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Professor MOCHIZUKI, Taro 《Philosophy, Thought and Culture》

Interviewer/Planner: Hiroto Hirayama (2nd year specializing in English and American Literature/English Linguistics), Kazuko Watarigawa (2nd year specializing in Comparative Literature)
Photographer: Yumi Chikamatsu

Reason for Studying French Philosophy

Watarigawa: Why did you decide to major in French Philosophy?

Mochizuki: I always wanted to study and research the philosopher Descartes. He is said to represent the beginning of modern philosophy. He is known for his famous words, “I think, therefore I am.” There is the phrase, “philosophy or ideology.”  I believe that a life without ideology is a life that is meaningless. I wanted to live my life with a certain ideology, which is why I decided to major in philosophy.

Hirayama: What do you think makes French Philosophy appealing?

Mochizuki: I like it because of its freedom. One characteristic of French Philosophy that begins with Descartes is that it is not something that is bound to a social authority or an institution, like a church or university. Descartes even said that he discarded any education through books. There is no use for universities; there is no use for books. That was his way of thinking. Moreover, another clear and interdisciplinary reason is that French philosophy does not use difficult words, unlike Japanese philosophy.

About Student Life

Hirayama: What were you like as a student?

Mochizuki: I joined a mountain climbing club called the Wandervogel. We climbed major mountains of Japan,  including the Northern Alps and the Southern Alps, from the north of Japan in Hokkaido to the south of Japan in Yakushima; we have conquered many mountains along the way. After graduation, we also climbed the Himalayas.

Through mountain climbing, I acquired survival skills. I learned to survive off of water that I found in nature and to cook rice with it. I never necessarily wanted to become a researcher while I was in university, so other than climbing mountains, I lived a relatively normal university life.
However, I always put effort into studying French and English. The university I went to was very progressive and focused on languages. We had twenty hours of English per week, not to mention that my French teacher was French, and I also went to a French language school at night. To read the original texts, I also learned Latin, especially as Descartes often wrote in Latin. It is true that it is easier to understand nuances if you can read the original text.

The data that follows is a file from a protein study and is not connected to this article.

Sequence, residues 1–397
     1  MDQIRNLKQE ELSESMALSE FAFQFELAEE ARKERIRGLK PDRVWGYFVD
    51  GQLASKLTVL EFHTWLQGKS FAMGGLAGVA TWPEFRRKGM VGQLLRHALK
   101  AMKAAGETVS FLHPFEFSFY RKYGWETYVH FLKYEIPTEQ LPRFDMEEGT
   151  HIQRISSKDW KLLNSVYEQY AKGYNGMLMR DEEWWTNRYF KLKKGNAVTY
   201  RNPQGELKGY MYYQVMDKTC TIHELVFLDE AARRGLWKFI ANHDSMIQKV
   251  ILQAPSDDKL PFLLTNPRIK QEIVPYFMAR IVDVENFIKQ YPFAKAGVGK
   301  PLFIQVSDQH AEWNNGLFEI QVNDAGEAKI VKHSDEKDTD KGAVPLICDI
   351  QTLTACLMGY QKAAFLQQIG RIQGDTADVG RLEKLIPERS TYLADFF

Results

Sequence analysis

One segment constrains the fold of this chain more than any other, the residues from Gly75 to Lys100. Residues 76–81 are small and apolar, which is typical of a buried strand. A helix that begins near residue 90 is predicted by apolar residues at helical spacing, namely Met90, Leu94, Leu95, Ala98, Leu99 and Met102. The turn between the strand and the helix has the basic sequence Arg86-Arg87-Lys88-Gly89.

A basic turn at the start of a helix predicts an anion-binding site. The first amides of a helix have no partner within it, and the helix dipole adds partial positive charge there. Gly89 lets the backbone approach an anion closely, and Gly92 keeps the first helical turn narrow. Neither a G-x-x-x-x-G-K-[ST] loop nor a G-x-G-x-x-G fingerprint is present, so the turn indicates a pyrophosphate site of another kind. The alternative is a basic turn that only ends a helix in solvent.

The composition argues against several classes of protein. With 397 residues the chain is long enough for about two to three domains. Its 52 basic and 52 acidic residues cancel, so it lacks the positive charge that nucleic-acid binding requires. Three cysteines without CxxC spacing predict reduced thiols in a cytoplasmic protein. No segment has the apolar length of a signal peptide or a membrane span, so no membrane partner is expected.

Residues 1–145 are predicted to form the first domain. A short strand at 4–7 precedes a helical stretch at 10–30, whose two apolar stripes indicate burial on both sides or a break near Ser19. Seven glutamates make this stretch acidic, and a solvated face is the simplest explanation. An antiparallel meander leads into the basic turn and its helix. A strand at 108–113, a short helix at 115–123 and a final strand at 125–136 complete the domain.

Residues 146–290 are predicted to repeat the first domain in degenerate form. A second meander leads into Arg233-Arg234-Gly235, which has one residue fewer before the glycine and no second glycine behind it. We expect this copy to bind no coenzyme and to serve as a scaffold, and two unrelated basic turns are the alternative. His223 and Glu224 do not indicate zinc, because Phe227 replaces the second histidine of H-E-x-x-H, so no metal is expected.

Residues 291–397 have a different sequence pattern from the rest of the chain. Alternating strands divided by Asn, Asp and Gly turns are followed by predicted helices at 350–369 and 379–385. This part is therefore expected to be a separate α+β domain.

Watarigawa: Why did you decide to continue your research?

Mochizuki: Around the time I was graduating, I began to understand and feel the depth of French philosophy. I heard that the people at the top in the field of philosophy were here at the University of Osaka, and that was the reason I wanted to come here. After my master’s, I studied abroad at the Université Catholique de Louvain in Belgium. I went for a year, but it was in Europe that I discovered Africa. Before I moved, I had always thought that Europe was filled with white people; my image of Europeans was white. However, at the university I studied at, there were many international exchange students who had come from Africa. There were many students from Arab countries in North Africa to West Africa. Once I had met them and become friends, I finally realized that Europe and Africa were very close to each other. The students I had met who had come all the way from Africa were in a very politically and financially unstable position while studying abroad. It made me think about the obstacles and relationships between colonizers and colonies.

I began my study-abroad program in 1988, which lasted until 1989, but 1989 was the year the cold war between the East and the West began to collapse, and events such the Tiananmen Square incident and the collapse of the Berlin Wall occurred. There were also many Chinese exchange students, and I was moved by their willingness to participate. This was when I truly realized that philosophy was not just something that I could learn cooped up inside in a classroom or research lab. It should be something that the world can relate to and engage in. That is related to my current research.

About Research Content

Watarigawa: Could you please tell us about your research?